A lonely photographer that struggles to distinguish fantasy from reality; a man who can’t seem to use his music to turn his life around; a man who will submit himself to a humiliating unknown in order to save his kid sister; a man who has exchanged his wife for a prettier, younger model; an artist that can’t chase away his demons and an old man who has all but succumbed to his demons.
The male protagonists of the six short films featured in African Metropolis are not heroes by any stretch of the imagination. They are flawed characters, some of them more sympathetic than others yet all, unquestionably, human.
It’s high time that urban African films began to make the headlines. While fifty percent of Africans live in urban centres, a number which is set to rise steadily over the next couple of decades, around the world, people still view the continent as a land of sprawling savannahs, scenic sunsets, wildlife and people who dance around in circles wearing masks and chanting.
To be fair though, there is one scene in “To Repel Ghosts”, the Ivorian film in the collection, that has a group of women covered in white powder dancing around in a circle on the beach, exorcising spirits. The film is based on a true story and attempts to recreate the 1986 voyage of the New York artist Jean Michel Basquiat to Abdijan, where he had been invited to exhibit his work. The movie, written and directed by Phillipe Lacôte, depicts Basquiat as a confused, bewildered shadow of man, haunted by the ghosts of his past which take the shape of a naked woman who recurs on different occasions throughout the twenty minute film.
African Metropolis showcases films from Nairobi, Cairo, Lagos, Dakar, Abdijan and Johannesburg. Each film is unequivocally different from the other and uses the medium to explore different facets of life in African cities, many of which have much in common but which cannot be viewed as the same. The challenges, opportunities and coping mechanisms of people in the cities can be recognised and shared by people all over the world because poverty does not only exist in Africa. Yet it would be misleading to classify the films as only covering issues pertaining to poverty.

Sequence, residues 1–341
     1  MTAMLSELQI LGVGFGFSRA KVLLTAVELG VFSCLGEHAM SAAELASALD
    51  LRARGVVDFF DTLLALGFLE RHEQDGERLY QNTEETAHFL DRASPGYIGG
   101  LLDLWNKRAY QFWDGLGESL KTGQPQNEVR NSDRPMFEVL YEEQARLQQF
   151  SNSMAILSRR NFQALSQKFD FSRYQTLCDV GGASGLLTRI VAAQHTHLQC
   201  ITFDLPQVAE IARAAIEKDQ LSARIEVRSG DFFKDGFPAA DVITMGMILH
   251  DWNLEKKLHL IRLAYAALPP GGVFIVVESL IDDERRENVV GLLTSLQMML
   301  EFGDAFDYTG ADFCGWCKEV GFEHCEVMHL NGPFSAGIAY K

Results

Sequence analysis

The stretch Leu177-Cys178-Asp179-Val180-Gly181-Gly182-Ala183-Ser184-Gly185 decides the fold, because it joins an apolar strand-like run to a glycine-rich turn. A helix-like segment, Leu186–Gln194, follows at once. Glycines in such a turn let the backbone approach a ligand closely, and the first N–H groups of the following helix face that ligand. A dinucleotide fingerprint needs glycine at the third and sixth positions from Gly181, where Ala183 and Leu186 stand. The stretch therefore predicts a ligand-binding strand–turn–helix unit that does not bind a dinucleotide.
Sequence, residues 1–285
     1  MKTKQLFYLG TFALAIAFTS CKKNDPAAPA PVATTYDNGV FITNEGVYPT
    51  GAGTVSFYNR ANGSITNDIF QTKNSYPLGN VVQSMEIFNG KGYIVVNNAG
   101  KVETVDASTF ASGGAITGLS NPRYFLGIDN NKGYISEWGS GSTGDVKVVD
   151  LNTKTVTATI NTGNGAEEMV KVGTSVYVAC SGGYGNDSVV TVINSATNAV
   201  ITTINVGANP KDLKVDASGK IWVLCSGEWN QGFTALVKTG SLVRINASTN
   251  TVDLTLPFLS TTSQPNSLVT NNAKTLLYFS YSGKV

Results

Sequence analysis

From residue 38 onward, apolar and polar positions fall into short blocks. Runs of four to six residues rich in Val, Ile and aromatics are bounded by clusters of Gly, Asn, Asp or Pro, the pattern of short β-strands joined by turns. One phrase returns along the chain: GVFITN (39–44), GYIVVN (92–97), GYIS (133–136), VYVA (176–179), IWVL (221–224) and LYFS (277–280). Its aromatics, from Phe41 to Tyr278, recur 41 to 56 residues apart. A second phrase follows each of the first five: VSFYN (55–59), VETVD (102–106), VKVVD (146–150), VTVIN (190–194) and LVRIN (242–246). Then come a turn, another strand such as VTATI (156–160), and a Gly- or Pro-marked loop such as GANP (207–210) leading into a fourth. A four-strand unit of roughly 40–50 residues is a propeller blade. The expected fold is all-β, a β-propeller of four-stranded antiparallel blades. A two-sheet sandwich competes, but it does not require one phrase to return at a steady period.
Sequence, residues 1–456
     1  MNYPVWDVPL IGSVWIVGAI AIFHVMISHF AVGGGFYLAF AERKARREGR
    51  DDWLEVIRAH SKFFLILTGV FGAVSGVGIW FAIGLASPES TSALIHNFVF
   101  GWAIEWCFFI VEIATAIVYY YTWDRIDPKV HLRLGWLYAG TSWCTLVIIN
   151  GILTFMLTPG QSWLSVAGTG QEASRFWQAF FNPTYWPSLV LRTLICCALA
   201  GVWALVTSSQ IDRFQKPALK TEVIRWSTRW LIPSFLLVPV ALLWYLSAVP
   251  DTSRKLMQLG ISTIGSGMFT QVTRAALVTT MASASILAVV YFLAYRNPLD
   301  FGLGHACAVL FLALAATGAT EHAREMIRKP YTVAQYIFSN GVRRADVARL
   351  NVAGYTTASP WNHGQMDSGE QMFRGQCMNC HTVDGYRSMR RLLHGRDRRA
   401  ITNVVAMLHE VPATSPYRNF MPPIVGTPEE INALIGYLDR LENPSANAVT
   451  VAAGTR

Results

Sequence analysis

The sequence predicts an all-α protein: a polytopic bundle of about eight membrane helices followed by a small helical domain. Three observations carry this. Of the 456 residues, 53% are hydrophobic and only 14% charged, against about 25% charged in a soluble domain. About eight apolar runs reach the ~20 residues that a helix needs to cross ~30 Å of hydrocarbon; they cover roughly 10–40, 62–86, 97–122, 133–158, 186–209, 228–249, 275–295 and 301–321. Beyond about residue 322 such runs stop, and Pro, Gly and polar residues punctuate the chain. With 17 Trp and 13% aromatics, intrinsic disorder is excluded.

Max, for example, the anti-hero of Jimmy Chuchu’s film “Homecoming”, lives a comfortable middle-class life as a photographer and his problems are by no means dictated by his economic status. The Nairobi-based visual artist’s film, is dominated by a distinctly sci-fi footprint which is underlined by its eerie light and soft-focus locations, although the surprising “catch” at the end is altogether of this world. This is one of a recent slew of movies that will make fellow Kenyans proud. Produced by award-winning genre-defying Wanuri Kahiuwho’s 2009 sci-fi film Pumzi made ripples in and out of the country and the New York-based filmmaker Idil ibrahim, “Homecoming” is superbly shot, tightly edited and above-all succumbs to no stereotypes.
On a more sentimental side, “Berea” the South African film directed by Vincent Moloi, is beautiful in its depictions of an ageing Jewish gentleman who’s solitary existence in a dark apartment in a marginalised neighbourhood of the the city, is only interrupted by two women: one who brings him food but for whom he will not open the door and one who brings him, presumably, sex and the company of a person with whom to enjoy a weekly kosher meal. The film is linear and possibly more Western in its approach to story telling than the others in the series. Whether this matters or not, what counts is that it is difficult not to be moved by its characters and their respective plights.
Without falling into the trap of highlighting the salacious, it’s worth pointing out that one of the stories does not feature a heavily-dominated male cast and is in fact the tale of two women who bond, on more levels than one, in the face of unfavourable conditions.
If you have had your curiosity tickled by the hints of what to expect in African Metropolis, you can view all six of the films this coming weekend at three different venues across Nairobi.
This Friday the 18th of July, the Goethe-Institut will project the series between one and nine pm. The evening screening of Homecoming will be its premiere on Kenyan ground and Jimmy Chuchu will be there to introduce the piece and answer questions later. On saturday, starting at 10am it will be possible to view the films each in its own room and the event will also be followed by discussions which will start at 2pm. Finally, on Sunday, it’s worth heading down to PAWA254 early because starting from 1pm there will be spoken word performances and live art running through the afternoon before the evening screenings at 7pm.
This article originally appeared in upnairobi.com in July 2014
Tags: African Metropolis, Goethe Institut, Jimmy Chuchu, Patricia Kihoro
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